When I first visited Norco, in 2019, to participate in Dread Scott’s “Slave Rebellion Reenactment,” I met the game’s creator—a thirty-six-year-old geographer who goes by the pseudonym Yuts—on a bike path that runs along the levee. I’d arrived early, and while waiting I made the mistake of photographing an oil tanker emblazoned with the huge green words “Protect the Environment.” Within seconds, a red-faced security guard materialized from a van and demanded my phone. Startled, I collected myself enough to realize that the man wasn’t a police officer, and that it was perfectly legal to take pictures on public land. I walked away feeling shaken but relieved—until, half an hour later, a sheriff’s deputy interrupted my interview with the same demand. He said that I wasn’t breaking any laws but borrowed my driver’s license anyway. Not for any official reason, he apologetically explained, but to make a copy for Shell’s national-security database.
Yuts, who grew up in Norco, is used to such encounters. As we watched the sun set from a riverside bench, he regaled me with stories of his adolescent trespassing on the grounds of Shell’s nearly thousand-acre manufacturing complex. His step-grandfather worked there, and his father was employed at other refineries in “Cancer Alley,” the industrial corridor that extends from Baton Rouge to New Orleans. (The corridor was recently the subject of an investigation into environmental racism by RISE St. James—a local nonprofit—and the London-based research firm Forensic Architecture.) In 1988, when Yuts was two years old, an explosion killed seven workers at Shell Norco and blew out windows all over the neighborhood. His mother found him still asleep in bed, covered in broken glass.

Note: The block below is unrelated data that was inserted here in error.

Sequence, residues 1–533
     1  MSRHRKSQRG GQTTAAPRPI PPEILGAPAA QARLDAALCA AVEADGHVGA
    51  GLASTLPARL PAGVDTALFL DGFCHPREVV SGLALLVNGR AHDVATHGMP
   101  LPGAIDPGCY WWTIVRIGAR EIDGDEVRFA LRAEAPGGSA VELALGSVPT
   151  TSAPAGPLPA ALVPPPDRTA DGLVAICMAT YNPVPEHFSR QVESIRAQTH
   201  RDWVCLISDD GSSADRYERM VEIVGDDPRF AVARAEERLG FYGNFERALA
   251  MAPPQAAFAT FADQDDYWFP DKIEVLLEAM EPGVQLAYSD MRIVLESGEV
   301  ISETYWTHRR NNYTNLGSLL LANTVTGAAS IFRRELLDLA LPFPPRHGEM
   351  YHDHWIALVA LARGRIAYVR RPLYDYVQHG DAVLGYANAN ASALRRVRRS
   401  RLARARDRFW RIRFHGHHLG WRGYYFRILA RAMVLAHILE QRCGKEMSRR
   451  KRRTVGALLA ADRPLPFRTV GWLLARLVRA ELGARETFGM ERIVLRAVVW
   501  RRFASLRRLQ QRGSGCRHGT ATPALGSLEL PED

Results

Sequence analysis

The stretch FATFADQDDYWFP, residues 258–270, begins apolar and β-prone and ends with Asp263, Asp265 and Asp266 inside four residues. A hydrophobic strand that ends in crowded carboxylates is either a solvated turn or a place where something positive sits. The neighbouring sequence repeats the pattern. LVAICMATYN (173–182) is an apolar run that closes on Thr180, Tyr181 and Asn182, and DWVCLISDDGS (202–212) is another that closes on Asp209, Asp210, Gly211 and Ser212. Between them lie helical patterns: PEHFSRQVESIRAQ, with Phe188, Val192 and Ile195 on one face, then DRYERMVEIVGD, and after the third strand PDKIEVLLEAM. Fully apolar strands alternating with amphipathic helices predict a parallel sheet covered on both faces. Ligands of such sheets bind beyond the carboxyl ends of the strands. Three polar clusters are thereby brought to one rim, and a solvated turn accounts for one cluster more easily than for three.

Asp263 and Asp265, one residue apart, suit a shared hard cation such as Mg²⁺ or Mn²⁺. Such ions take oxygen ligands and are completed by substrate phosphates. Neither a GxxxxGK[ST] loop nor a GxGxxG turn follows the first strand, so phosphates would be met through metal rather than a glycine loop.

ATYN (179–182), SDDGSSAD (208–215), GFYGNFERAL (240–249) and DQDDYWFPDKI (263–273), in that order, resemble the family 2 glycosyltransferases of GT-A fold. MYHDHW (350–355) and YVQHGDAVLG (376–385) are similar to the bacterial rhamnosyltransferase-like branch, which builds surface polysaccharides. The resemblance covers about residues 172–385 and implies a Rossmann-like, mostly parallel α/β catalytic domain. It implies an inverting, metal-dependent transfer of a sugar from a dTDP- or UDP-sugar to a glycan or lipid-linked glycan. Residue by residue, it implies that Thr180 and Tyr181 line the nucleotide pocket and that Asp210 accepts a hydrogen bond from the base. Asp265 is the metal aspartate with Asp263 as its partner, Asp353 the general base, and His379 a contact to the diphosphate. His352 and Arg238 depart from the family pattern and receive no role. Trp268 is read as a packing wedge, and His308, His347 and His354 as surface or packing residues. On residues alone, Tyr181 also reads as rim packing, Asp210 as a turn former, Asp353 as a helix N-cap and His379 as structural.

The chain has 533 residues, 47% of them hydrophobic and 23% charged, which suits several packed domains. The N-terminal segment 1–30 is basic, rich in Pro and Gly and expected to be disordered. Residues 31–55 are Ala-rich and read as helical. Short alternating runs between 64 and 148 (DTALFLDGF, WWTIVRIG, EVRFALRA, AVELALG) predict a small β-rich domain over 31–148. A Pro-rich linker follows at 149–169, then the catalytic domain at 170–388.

The landscape of his childhood frightened yet transfixed him, inspiring a “fantastic anticipation of ecological collapse” that paralleled an early interest in the unreal scenery of console games. Yuts found echoes of Norco in Midgar, an underground city ruled by a tyrannical power plant in Final Fantasy VII, and in Hideo Kojima’s cyberpunk classic Snatcher. With his sister, a collaborator on Norco, he dreamed of a game that could convey their home town’s singular blend of the sublime and the absurd. “It gave me some comfort to know that I wasn’t the only one witnessing the dead alligator, or the giant smokestack, or the decrepit Scooby Doo strip mall,” he told the New Orleans magazine Antigravity, in 2014. “The itch to share that kind of thing has been with me forever.”